Please do not come into the clinics if you are sick or showing symptoms.  As we monitor the situation we are limiting visitors, and ask that patient’s escorts wait in their vehicles, limiting the amount of people in our waiting areas.  We ask that only patient’s come into the office unless a caregiver is medically necessary.

If you are currently scheduled for a routine follow up visit or elective surgery we may be calling to discuss rescheduling or you may call us at (208) 966-4476.

SI Joint Repair

Relief of Sacroiliac Joint Dysfunction

The sacroiliac (SI) joint is the joint between the sacrum and the ilium bones. This joint is similar to the shocks on the car, it is meant to absorb and transfer force between the body and legs. We have a right and left SI joint.

Staying Hydrated

Tips for Staying Hydrated

The amount of water needed for proper hydration varies from person to person, but Ready.gov recommends about three quarters of a gallon of fluid daily for normally active people. Use that as a baseline and adjust depending on age, health, climate, and physical condition and activity.

Sometimes you may need to be more conscientious about your water intake. Here are some tips:

  • Don’t wait until you’re thirst – drink water constantly!
  • Avoid alcohol or sugary liquids
  • Keep a bottle of water with you throughout the day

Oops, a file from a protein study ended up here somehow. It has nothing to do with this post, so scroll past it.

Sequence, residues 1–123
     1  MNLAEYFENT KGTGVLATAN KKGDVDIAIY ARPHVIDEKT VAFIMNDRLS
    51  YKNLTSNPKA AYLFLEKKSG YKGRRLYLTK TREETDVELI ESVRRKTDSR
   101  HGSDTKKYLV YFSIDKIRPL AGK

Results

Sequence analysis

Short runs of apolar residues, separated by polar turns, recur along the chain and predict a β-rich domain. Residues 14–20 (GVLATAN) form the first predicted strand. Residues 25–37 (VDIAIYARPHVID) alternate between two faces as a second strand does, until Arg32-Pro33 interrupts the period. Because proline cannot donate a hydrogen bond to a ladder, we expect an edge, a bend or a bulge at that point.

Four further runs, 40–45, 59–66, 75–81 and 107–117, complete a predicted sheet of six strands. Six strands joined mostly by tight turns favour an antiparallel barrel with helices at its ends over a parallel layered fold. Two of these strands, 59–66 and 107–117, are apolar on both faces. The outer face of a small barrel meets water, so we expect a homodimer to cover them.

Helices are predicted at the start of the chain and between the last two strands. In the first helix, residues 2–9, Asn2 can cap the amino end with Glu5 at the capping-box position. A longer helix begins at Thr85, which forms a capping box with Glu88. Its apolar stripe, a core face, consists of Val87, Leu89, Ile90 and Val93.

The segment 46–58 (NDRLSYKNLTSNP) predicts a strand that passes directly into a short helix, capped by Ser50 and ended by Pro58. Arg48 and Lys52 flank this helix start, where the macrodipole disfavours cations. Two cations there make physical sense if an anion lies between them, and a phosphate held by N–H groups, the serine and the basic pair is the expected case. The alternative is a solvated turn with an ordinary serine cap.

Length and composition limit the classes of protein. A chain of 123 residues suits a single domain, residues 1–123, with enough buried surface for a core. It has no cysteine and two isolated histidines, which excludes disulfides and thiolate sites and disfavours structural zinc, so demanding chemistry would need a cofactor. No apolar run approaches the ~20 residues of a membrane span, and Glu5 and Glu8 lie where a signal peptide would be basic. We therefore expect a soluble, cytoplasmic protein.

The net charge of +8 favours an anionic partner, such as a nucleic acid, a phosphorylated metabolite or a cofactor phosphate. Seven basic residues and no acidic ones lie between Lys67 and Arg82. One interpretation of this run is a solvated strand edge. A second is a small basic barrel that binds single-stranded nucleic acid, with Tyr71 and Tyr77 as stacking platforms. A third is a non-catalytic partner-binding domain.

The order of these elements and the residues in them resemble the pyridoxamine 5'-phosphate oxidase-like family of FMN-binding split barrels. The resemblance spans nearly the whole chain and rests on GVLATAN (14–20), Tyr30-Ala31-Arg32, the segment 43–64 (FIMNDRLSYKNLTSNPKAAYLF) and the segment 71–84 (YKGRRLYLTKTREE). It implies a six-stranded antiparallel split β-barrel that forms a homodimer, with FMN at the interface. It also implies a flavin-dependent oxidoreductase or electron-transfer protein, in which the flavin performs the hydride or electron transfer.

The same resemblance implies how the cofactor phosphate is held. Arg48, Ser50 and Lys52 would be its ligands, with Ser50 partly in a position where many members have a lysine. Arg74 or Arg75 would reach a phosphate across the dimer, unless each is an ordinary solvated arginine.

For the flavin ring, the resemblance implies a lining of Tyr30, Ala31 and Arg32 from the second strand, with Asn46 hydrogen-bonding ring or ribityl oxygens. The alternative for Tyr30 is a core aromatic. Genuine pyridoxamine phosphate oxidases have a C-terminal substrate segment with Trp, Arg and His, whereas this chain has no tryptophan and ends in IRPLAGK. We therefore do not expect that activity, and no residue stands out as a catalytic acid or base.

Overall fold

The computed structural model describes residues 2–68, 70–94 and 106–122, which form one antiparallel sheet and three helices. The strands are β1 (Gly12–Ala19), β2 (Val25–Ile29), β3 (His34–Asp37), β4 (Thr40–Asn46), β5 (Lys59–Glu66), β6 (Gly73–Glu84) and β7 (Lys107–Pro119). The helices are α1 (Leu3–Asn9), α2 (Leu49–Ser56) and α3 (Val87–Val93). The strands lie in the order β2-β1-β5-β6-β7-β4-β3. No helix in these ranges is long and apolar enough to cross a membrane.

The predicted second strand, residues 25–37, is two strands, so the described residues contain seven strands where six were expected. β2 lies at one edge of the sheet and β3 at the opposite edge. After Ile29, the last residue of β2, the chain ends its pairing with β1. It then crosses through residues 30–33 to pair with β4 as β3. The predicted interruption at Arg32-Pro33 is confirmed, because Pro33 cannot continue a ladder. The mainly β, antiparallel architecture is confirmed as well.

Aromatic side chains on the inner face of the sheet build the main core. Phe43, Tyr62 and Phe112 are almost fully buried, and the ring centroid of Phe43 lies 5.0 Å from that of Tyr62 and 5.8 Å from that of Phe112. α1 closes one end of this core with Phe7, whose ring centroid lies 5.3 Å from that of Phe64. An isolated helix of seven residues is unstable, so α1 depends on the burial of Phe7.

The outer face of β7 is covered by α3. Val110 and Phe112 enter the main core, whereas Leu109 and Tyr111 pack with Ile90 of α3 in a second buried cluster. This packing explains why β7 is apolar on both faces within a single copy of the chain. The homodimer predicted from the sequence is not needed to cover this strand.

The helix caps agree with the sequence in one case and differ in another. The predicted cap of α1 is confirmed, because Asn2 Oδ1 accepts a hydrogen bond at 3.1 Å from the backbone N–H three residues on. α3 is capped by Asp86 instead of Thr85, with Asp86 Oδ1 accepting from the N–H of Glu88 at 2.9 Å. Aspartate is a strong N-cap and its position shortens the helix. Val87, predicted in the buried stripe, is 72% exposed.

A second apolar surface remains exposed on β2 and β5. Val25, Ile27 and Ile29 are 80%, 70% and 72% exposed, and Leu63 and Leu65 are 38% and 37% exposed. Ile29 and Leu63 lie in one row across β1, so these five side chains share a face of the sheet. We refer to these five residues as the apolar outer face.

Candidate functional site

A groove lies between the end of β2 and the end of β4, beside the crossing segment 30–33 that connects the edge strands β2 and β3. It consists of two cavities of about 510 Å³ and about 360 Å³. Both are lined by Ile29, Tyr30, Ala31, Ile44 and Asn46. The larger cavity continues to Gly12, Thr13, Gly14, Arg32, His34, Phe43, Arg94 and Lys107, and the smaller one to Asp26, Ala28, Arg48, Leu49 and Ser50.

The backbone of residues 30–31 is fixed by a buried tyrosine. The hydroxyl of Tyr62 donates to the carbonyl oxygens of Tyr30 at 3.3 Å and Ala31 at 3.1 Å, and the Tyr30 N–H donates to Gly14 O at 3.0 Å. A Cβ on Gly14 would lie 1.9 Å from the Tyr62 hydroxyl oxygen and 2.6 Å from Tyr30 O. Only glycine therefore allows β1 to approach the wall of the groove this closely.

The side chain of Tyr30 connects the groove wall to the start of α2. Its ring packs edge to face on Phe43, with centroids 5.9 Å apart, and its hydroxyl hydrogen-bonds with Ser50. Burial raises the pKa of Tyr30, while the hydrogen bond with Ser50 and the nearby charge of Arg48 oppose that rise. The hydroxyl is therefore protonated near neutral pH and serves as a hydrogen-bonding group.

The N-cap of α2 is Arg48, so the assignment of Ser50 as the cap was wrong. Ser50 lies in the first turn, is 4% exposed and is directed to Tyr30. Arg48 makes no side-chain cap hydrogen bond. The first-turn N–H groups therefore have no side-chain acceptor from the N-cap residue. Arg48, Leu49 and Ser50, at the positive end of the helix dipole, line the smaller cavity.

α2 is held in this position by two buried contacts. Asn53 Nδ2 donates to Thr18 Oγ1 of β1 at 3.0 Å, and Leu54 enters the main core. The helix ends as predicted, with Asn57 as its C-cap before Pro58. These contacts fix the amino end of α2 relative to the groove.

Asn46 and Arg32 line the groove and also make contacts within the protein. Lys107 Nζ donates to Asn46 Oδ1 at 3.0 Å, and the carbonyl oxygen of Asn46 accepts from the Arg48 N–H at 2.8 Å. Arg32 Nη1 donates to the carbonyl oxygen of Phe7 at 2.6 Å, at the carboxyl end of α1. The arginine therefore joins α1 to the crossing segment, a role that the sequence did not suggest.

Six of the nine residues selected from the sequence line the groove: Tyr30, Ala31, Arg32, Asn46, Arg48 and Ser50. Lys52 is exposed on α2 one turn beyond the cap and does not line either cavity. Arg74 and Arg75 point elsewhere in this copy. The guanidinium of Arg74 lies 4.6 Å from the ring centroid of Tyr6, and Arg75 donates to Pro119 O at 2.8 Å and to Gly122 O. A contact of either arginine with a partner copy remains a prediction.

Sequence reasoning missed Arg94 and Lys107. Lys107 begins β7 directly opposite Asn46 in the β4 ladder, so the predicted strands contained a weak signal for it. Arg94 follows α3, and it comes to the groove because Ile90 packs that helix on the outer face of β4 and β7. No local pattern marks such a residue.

• Add a slice of lemon to your water – this improves the flavor and can help you drink more
  • Drink water when you’re hungry. Thirst can be confused with hunger, so try water first

It’s more obvious that you need to be more careful about staying hydrated during the hot summer months, but you can still become dehydrated during the colder times. No matter what time of year it is, pay attention to what your body is telling you and take the necessary steps to always remain hydrated.

Youth Sports

Youth Sports and Injury Prevention

With sports camps and more structured activities, kids today are increasingly likely to play their chosen sport year-round. But more time on the field brings a greater risk of experiencing sports-related injuries.

Here are our top injury prevention tips to help keep your young athlete on the field and not sidelined:

Get Talking

Make sure your child understands that they should talk with you and seek help if experiencing a pain or something that just doesn’t feel right. Some young athletes don’t understand that pain shouldn’t be ignored or pushed through. Keep the dialog open. You can also observe any changes in gait or activity. Many young athletes will change up how they perform instead of admitting an injury.

Get Physical